Battle of Brothers: William, Harry and the Inside Story of a Family in Tumult

Shortly after the release of Finding Freedom, the world was informed about the upcoming book Battle of Brothers by The Crown consultant Robert Lacey. His book was very often described as the next big reveal in the House of Windsor. No wonder, the name corresponds to the tabloid headlines.

However, would a historian have written a book about tabloid rumours? The answer is no, the only tabloid part of the Battle of brothers is the name itself.

Windsor Castle – the place of confidential discussion between an Eton student and his grandmother
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Ernst Hohenberg

The second son of Franz Ferdinand d’Este and his wife Sophie Chotek was born in Konopiště on 27th May 1904. Konopiště is a beautiful chateau near Prague in the Czech Republic.

Let’s go discover how the birth record of Ernst Hohenberg looks like.

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Matilda (Матильда, 2017)

The Russian historical movies are colourful with many fascinating costumes and perfect makeup and hairstyling. That’s the case with Matilda too. It tells the story of the relationship between Nicholas II of Russia and ballerina Mathilde Kschessinska.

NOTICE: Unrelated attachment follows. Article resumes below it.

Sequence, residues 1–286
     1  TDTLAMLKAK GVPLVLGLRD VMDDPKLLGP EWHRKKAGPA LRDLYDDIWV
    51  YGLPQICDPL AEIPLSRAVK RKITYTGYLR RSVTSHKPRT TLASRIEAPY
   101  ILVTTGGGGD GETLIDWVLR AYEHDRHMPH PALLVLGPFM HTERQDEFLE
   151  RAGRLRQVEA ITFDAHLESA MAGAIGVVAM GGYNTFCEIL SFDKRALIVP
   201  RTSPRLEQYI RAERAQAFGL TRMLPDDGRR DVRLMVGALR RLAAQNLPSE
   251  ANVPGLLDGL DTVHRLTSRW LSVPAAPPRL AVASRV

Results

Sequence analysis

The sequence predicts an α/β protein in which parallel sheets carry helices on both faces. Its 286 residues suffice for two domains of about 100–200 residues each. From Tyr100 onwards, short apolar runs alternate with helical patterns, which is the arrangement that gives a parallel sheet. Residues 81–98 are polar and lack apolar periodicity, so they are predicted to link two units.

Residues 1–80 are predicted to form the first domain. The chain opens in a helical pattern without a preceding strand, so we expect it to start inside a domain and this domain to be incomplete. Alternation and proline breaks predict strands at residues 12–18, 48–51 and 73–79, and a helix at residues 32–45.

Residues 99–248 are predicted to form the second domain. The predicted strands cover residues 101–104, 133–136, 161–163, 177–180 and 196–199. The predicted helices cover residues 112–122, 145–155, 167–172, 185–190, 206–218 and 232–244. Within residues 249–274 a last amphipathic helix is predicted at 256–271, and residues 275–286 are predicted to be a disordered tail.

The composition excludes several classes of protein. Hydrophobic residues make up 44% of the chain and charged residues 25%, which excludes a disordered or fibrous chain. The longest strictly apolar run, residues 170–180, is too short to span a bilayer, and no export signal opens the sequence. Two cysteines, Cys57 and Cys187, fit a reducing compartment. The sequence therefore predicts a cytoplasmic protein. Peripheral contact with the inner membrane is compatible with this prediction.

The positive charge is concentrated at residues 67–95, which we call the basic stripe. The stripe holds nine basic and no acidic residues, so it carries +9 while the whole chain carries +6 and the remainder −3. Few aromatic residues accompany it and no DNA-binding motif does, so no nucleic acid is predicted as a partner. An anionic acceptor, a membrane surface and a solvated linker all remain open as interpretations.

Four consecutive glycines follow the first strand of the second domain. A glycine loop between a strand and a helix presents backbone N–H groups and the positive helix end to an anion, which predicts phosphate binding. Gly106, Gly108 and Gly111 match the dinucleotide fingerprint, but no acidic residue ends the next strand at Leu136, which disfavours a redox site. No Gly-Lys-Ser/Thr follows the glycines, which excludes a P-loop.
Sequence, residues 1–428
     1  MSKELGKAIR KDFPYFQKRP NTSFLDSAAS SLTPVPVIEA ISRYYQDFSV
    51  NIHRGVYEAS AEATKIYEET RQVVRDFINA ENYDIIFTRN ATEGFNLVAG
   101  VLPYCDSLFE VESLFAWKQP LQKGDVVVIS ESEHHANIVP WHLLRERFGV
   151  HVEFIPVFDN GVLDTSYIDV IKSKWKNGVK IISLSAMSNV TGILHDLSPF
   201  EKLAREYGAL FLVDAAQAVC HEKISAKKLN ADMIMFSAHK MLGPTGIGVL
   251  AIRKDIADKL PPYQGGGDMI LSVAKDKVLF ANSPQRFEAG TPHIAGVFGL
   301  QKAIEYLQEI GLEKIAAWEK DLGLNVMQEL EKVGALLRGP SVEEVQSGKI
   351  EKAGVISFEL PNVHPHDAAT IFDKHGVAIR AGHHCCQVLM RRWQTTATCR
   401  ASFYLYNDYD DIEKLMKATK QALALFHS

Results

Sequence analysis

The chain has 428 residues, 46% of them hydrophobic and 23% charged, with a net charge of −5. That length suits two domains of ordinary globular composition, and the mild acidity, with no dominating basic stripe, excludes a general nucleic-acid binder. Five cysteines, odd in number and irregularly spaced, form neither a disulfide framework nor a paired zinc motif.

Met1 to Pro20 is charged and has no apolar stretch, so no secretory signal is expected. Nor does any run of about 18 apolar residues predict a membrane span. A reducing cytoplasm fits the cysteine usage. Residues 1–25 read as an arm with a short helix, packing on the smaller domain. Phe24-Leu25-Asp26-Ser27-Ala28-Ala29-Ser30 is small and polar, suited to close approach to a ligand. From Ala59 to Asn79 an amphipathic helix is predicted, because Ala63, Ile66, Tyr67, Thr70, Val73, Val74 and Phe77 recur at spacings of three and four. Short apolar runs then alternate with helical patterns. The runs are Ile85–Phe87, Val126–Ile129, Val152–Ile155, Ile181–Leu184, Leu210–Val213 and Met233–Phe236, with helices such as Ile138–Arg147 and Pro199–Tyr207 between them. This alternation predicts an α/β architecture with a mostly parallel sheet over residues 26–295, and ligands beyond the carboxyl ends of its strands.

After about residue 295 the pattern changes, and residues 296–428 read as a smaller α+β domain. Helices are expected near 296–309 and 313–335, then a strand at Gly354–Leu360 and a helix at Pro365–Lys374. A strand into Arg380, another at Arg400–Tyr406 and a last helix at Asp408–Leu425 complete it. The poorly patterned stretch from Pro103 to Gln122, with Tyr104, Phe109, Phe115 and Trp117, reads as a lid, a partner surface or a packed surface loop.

When a Russian grand duke wanted a mistress, he usually found this woman among ballerinas.

When a Russian grand duke wanted a mistress, he usually found this woman among ballerinas.

Mathilde had many important lovers such as Nicholas or his cousin Andrey Vladimirovich.

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Historical Figures & Comics

Recently I’ve learned that a comic book about tsarevich Alexei will be released in Russia soon. Therefore I suppose it’s a good time to present historical figures in comics:

  • Tsarevich Alexei
  • Empress Elisabeth of Austria

It’s not a completed list but I’m going to update this article regularly.

Rudolf II lived in a magical time. Thanks to it he is a hero of many (children) books.

update 20. 11. 2020

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HRE Charles IV & Henry VIII of England

Charles IV was the grandson of some Henry VII. Henry VIII was the some of another Henry VII. Do they have anything else in common?

Charles IV in Prague

Henry VIII’s great-grandmother Jacquetta of Luxembourg and Charles IV came from the same house. Let’s see who is their common ancestor.


Jacquetta, the mother of fourteen was born in 1416. She gave birth to Elizabeth Woodville who later married King Edward IV. Their daughter Elizabeth (Jacquetta’s granddaughter) united the Houses of York and Lancaster as a result of her marriage to Henry VII. The offspring of this liaison is not needed to be presented as it is the younger hero of this article.